I guess I've got inverse "next boat syndrome". Rather than wanting to move up to a larger, fancier boat, I'm looking forward to a less-expensive boat to own and maintain, and a sharpie that can use a small outboard motor and live on a trailer when I'm not using it seems pretty well-suited. Plus I think it would be a very cool project to build one.
03-24-2012 01:25 PM
ballenas
Re: Herreshoff's Meadowlark sharpies

there is so little weight compared to reserve buoyancy, they easily rise to a wave.
03-24-2012 12:09 PM
oysterman23
Re: Herreshoff's Meadowlark sharpies

I saw some pictures of New Haven Harbor back in the day with alot of sailcraft and sharpies spread out along the flats. it looked to be as if they hauled em em partially onto the marsh and tied them to stakes.

There used to be a variety of interesting ways to keep boats back then....Block Island had a "Pole Harbor" along Crescent Beach which were literally hundreds of poles rigged with block and tackle that they used to haul the boats above tide level it must have been a bit more complicated than simple poles...but I do recall reading that the pole harbor was finally wiped out after the 38 hurricane. (I suspect the fishing was pretty down by then anyway)
sorry if I hijacked....I think sharpies would be pretty quick to get pooped coming into a beach?????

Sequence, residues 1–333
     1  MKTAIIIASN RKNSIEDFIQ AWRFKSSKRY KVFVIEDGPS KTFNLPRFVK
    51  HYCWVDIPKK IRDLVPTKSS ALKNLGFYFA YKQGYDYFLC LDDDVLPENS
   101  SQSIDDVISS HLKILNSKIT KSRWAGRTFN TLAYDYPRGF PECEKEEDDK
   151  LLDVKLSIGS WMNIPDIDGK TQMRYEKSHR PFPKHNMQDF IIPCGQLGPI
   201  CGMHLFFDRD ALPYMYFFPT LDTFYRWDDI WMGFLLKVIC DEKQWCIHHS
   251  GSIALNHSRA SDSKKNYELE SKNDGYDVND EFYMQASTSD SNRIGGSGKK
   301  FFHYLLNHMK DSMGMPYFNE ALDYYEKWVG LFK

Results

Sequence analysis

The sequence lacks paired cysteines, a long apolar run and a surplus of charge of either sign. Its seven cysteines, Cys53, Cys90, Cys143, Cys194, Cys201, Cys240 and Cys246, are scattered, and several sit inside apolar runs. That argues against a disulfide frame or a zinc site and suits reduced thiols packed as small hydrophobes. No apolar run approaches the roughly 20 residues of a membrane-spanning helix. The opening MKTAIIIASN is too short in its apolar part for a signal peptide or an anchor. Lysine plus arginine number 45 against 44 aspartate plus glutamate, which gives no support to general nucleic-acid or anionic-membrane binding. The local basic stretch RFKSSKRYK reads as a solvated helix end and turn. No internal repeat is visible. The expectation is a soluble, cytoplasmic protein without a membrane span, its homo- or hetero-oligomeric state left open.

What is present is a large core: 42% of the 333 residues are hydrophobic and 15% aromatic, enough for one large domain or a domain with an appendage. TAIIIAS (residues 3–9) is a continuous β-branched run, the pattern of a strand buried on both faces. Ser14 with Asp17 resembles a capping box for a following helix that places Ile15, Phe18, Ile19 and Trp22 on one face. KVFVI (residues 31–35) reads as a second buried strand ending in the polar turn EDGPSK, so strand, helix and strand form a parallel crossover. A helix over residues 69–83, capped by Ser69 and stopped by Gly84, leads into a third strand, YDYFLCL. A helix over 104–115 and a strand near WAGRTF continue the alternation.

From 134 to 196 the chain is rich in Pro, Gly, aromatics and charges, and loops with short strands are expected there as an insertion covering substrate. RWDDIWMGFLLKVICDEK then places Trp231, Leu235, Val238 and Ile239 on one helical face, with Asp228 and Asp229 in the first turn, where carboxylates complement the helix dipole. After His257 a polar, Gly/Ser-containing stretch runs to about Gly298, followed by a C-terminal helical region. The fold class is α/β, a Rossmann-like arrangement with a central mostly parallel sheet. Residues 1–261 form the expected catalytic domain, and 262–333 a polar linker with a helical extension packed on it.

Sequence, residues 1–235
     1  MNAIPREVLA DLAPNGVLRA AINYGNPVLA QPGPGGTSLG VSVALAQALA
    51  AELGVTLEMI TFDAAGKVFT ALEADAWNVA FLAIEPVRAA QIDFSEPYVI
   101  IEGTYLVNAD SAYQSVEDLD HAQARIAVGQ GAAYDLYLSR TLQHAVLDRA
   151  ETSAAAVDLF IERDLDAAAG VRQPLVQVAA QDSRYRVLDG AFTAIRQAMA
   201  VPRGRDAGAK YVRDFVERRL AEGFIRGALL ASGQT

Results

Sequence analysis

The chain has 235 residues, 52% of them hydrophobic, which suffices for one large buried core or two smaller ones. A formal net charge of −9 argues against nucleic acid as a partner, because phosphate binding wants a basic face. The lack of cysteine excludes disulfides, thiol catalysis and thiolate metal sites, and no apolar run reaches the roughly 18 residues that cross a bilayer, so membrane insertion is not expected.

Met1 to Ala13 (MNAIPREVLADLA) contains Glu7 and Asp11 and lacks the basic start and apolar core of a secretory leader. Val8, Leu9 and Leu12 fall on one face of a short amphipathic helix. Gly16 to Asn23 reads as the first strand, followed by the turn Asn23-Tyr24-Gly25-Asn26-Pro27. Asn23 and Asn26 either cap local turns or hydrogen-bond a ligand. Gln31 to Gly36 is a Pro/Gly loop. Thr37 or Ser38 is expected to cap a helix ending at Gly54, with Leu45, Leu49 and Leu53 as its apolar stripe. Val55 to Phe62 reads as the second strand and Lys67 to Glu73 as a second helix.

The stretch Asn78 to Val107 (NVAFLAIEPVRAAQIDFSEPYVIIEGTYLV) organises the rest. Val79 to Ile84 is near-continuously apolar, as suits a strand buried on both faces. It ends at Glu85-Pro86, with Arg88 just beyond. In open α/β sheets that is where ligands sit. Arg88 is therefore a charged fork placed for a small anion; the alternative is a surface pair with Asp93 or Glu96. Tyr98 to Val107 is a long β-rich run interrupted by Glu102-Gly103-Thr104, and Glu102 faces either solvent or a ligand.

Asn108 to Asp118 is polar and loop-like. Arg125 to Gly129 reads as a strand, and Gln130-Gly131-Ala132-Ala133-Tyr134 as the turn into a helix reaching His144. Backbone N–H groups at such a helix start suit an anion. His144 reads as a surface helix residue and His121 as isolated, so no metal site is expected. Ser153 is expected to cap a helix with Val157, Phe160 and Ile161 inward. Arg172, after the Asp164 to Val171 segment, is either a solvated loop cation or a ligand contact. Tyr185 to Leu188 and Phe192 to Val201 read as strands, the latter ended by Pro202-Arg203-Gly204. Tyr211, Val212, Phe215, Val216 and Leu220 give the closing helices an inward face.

03-23-2012 11:11 PM
deniseO30
Re: Herreshoff's Meadowlark sharpies

gotta wonder if they surfed them onto the shores?
03-23-2012 10:37 PM
oysterman23
Re: Herreshoff's Meadowlark sharpies

Hi Ballenas
nice to hear your hands on experience with one in a variety of weather.
I think one thing alot of folks forget about the sharpies and various other work boats once very numerous along the coasts is that they were meant to be loaded...if you read accounts from the big oyster times around the turn of the century they were quite literally hundreds of these boats in New Haven, East River Staten Island, Great South Bay etc etc doing all sorts of hauling and transporting fish and tons of oysters for the market, seed oysters and clams, salt hay for the stables ad infinitum and the ranged in size from 23 to nearly 90 feet in length. Of course not all were the New Haven style. But that basic hull performed a variety of tasks and did it well in what I suppose we would call a "coastal" role.

For instance fisherman and cord wood dealers ran loads along the south beaches into New York Harbor on a regular basis.